First, I look at the writing of Marx and Engels. Clearly, the articles in those two volumes are written by a pen which twenty or thirty years ago powerfully influenced my thinking, my feeling, my views and, because of that, the direction my life has taken. It is as if I am meeting again with very dear friends from the past [sahabat-sahabat karib lama], but being aware, at the same time, that the world had changed and my views, too. I know that reading these texts again will cause a great reckoning with an old love [tjinta lama], a new reckoning with the influences in my life which belong to the past, but maybe, also to this very moment. I am sure that much good awaits me as I am about to encounter this again. I have postponed this reading in order to postpone the reckoning, because I felt sure that this would become a very personal [persoonlijk] matter to me.’

September 1962
‘To my wife and equally to myself, it is, indeed, amazing that the State could behave to me in the way I am now experiencing. I never have, and I never will expect recognition, and, least of all honors, from my nation and people. . . But I have also never dreamed that the State, the nation and the people might suspect me of being unfaithful or not faithful enough [tidak atau kurang setia] to my State, nation and people. This is the same, as my wife says, as suspecting me of being unfaithful or not faithful enough to myself, unfaithful or not faithful enough, through my life, to my aspirations and to my consciousness; as if I abandoned the view of life, which I held for the past fifty years, as if, at present, as I am coming closer to my grave, I had no view of life at all.’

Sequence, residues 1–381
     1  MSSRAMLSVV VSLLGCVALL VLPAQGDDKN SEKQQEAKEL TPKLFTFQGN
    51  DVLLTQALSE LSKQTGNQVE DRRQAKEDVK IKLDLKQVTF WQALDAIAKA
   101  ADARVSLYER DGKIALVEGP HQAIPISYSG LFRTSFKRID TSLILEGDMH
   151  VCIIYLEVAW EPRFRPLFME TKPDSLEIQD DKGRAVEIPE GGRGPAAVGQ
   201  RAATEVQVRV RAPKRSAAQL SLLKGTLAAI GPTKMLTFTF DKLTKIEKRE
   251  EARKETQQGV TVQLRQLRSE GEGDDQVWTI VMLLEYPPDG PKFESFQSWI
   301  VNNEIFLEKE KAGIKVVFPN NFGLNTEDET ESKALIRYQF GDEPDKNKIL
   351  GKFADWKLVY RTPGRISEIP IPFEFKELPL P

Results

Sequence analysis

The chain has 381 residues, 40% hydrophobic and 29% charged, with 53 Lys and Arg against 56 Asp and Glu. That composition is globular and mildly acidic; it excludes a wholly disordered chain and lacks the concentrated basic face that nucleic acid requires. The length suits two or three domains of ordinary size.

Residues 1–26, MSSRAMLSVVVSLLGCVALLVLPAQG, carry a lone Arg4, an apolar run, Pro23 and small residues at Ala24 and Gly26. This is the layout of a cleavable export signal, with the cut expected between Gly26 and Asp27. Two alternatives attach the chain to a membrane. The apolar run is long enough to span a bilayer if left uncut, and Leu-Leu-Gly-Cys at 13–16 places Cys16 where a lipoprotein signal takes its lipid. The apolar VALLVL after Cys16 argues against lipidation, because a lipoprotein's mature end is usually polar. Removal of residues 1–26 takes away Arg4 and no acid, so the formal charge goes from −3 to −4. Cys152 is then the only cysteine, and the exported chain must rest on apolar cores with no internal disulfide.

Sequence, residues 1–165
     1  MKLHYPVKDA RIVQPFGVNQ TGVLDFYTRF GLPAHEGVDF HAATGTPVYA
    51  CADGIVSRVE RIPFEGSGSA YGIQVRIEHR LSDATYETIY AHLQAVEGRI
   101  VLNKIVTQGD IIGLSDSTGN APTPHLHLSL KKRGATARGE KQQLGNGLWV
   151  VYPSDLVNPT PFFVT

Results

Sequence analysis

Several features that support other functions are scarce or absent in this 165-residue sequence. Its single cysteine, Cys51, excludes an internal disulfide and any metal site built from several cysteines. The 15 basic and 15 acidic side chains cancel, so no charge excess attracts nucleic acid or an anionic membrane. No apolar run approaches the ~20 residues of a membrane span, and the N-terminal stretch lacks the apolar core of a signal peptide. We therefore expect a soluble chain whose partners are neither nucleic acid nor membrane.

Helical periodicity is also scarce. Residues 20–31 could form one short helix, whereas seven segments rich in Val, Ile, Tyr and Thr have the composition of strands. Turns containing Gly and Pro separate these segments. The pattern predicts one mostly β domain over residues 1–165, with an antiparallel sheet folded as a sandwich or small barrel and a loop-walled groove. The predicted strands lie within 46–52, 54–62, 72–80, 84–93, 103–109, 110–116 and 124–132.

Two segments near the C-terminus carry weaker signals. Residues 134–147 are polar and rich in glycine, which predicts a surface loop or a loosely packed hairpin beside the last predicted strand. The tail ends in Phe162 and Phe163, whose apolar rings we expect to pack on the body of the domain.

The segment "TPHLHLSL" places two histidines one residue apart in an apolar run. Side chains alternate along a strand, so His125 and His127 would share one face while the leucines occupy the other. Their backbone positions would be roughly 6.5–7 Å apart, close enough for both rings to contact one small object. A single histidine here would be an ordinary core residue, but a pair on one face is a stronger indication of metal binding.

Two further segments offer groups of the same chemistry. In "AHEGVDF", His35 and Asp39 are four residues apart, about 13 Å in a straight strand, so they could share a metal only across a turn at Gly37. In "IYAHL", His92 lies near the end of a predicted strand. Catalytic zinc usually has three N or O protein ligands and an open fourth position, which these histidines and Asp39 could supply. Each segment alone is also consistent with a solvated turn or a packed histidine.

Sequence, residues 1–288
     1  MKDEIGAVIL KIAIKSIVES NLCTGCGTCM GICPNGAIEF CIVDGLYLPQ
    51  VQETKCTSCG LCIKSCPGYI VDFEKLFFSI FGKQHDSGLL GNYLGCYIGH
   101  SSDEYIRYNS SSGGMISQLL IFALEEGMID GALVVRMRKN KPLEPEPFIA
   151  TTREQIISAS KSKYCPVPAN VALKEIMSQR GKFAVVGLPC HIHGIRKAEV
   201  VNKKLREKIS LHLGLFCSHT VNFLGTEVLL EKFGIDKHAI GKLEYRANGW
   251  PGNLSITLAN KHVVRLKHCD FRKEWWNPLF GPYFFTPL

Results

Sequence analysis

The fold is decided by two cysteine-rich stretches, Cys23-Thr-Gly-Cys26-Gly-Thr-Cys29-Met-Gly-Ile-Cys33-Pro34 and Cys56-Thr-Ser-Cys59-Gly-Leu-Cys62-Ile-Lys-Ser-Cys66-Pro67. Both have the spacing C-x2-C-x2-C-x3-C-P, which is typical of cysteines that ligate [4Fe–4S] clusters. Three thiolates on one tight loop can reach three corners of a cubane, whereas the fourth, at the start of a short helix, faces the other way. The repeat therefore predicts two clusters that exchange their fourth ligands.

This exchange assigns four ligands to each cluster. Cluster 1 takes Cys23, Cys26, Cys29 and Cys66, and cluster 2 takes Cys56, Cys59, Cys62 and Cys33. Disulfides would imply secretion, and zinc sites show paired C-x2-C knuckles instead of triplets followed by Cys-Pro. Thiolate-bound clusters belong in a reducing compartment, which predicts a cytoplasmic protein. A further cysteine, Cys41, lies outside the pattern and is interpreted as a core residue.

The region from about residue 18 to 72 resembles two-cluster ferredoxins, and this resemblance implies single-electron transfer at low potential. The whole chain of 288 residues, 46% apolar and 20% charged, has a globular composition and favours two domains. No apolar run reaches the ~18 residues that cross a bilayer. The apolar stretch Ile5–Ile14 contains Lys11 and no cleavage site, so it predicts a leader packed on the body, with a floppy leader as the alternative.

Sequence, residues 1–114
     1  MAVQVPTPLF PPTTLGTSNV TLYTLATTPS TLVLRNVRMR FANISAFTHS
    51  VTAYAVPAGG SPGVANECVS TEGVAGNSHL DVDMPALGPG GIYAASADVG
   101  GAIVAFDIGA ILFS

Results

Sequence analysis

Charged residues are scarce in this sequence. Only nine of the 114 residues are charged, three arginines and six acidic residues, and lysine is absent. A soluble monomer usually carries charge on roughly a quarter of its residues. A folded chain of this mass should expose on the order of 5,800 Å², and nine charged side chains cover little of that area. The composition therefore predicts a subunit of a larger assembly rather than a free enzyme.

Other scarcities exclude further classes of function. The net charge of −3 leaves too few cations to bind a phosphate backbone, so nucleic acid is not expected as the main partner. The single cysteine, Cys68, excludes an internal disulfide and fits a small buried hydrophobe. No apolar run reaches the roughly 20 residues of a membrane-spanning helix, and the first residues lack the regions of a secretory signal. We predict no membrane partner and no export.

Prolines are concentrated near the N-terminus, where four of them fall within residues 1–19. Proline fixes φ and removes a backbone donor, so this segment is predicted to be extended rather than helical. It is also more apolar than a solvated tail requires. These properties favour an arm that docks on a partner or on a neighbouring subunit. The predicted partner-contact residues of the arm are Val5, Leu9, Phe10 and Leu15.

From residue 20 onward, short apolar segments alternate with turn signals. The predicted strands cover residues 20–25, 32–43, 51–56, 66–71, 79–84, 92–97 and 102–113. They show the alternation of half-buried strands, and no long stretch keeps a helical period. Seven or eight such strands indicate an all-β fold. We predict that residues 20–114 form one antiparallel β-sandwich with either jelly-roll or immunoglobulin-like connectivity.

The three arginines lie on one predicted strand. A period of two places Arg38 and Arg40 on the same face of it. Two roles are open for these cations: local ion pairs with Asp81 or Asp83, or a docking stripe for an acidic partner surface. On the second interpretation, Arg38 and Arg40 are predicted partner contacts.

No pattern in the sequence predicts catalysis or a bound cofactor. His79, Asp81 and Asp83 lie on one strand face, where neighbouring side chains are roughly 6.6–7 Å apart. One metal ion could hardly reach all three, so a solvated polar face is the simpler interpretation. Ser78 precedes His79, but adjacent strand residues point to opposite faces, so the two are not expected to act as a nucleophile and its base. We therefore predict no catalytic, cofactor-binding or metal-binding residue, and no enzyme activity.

October 1962
‘The character of this book is very different from that of Ogburn. Weber is a kind of scholar of the 19th century, a universal man of letters [pudjangga universil] like Goethe, Nietzsche, or others, who lived only to read and write down their extraordinary explanations of the world, that is, men who possessed an unusual capacity to learn and to remember from the time when they were children. In the 20th century one perhaps would not meet men like that, because the specialization in scholarship has advanced so much that it is impossible to follow all the directions. What is impressive is that much of what Max Weber wrote is still true for today, and that it is, thus, the essential and fundamental [pokok dan dasar] truth.